New UWP quickstart project, Mobile Services transition begins, and other Azure Mobile news
It’s been a while since I have been able to post about the goings on with Azure Mobile Apps and other related Azure mobile goodies. (I’ve also been working on docs for the new Azure Functions offering, which is now in preview, so there’s that.) Anyway, here’s some of what’s exciting on Azure, at least to mobile developers:
Mobile Apps in App Service is a better/more powerful offering than Mobile Service in quite a few ways, and it doesn’t make sense for the team to support both forever. As such, existing mobile services are going to be moved to run on App Service starting on September 1, 2015, and as of August no new mobile services can be created. After the migration, existing mobile service instances will be running on App Service and will use the Azure portal (instead of the old “classic” one). There is still a separate step to upgrade to Mobile Apps. If you have an existing mobile service, you will want to read the entire announcement.
Although the .NET client has been working for Universal Windows Platform (UWP) app on Windows 10 for a while now, it hasn’t been officially supported and there wasn’t a UWP quickstart project in the portal. This deficiency has been remedied as the Windows (C#) button in the quickstart now downloads a UWP app project, which is responsive for both desktop and phone devices. The Windows getting started tutorial is now updated to use this new UWP quickstart project. I have also added a UWP version to the quickstart completed project for Windows. For those unfamiliar, this repo is essentially the quickstart project that you get after completing the four main Mobile Apps tutorials (create, auth, push, and offline). The cool thing is that this project also includes some real-world extras (token expiration checks, template-based push, and client-added push tags), which you can read about in the project readme or in the Azure Samples Gallery.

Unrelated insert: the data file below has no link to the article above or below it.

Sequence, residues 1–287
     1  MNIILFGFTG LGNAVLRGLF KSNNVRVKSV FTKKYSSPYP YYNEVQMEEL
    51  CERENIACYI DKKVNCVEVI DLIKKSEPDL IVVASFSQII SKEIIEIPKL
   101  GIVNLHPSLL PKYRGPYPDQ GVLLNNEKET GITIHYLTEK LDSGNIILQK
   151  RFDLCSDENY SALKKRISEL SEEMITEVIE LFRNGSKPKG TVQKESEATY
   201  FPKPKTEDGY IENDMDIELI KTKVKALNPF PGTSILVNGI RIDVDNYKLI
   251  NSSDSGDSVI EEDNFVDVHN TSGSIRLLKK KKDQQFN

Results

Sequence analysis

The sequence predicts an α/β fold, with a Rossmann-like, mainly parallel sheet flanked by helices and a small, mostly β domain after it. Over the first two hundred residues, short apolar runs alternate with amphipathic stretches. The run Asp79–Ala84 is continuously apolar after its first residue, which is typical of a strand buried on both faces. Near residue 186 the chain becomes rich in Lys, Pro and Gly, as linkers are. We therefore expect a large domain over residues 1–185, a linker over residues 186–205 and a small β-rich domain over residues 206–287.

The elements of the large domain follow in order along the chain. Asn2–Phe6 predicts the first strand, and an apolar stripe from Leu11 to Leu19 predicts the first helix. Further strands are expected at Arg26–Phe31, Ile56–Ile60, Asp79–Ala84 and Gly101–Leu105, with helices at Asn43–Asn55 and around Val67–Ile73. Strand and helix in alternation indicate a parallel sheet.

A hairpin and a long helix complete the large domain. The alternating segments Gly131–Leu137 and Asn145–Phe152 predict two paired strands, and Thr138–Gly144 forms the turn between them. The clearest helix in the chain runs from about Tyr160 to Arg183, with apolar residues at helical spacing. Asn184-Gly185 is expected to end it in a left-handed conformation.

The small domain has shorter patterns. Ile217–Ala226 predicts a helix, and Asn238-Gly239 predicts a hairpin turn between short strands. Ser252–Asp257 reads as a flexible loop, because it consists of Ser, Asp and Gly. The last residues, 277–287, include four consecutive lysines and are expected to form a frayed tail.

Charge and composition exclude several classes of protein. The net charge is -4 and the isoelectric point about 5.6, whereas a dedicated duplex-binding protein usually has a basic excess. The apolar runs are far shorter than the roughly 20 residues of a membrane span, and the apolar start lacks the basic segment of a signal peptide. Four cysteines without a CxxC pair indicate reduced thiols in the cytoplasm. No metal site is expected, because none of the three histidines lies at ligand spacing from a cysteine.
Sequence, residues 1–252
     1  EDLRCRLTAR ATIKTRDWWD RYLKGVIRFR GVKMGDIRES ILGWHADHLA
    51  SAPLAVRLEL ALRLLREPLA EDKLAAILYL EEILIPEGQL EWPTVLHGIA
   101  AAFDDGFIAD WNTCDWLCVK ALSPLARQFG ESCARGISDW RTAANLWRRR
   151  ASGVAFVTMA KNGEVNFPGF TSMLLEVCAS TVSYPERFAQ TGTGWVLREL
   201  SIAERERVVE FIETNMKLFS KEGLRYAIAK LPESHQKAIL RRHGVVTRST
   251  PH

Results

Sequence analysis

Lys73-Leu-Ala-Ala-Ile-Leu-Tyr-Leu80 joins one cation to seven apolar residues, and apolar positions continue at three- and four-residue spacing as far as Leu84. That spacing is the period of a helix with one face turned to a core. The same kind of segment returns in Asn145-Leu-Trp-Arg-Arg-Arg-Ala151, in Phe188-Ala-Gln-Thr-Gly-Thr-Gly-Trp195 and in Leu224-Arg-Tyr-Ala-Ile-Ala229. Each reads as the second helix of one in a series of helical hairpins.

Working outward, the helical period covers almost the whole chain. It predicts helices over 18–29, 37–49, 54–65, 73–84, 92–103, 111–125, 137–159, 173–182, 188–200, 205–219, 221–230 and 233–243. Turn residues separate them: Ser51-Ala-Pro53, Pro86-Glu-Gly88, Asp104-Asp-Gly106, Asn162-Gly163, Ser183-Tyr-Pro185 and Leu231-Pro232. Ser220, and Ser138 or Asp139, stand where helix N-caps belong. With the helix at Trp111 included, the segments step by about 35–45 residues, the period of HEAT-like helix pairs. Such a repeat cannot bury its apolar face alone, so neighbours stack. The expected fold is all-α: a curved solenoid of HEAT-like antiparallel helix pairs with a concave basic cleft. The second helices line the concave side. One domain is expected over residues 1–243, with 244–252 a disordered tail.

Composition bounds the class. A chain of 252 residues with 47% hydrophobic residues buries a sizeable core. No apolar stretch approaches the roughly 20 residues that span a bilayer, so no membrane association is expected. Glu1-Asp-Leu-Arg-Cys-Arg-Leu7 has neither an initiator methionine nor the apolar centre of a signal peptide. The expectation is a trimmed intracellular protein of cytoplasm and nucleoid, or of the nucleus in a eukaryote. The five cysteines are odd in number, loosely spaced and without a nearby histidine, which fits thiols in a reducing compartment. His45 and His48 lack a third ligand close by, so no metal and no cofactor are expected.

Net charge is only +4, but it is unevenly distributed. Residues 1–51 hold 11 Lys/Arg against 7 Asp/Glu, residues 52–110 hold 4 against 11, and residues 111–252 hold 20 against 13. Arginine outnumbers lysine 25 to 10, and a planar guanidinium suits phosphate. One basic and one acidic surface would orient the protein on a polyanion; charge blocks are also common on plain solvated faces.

In a new offering that fully supports Parse customer needs when migrating to Azure, there is now a Parse Server implementation that uses only Azure services via a template in the Azure Marketplace. The best parts to me are: 1) you no longer need to provide your own Mongo DB (you instead get to use Azure DocumentDB), 2) integrattion with Azure Notification Hubs for push notifications and with Azure Storage for blobs, and 3) you even get a Parse dashboard in the Azure portal. Bam! For details, see the post Announcing the publication of Parse Server with Azure Managed Services. Don’t miss the free DocumentDB limited introductory offer.
In an homage to Josh Twist’s classic blog series on Mobile Services, Mobile Apps expert Adrian Hall has embarked on a very interesting and informative series on Mobile Apps: 30 Days of Zumo.v2. Rather than rehashing the existing docs, this series swerves off-road and delves into areas currently not too well documented. Very worth a read, and remember to check there for answers to your Mobile Apps questions.
That’s it for this installment, cheers!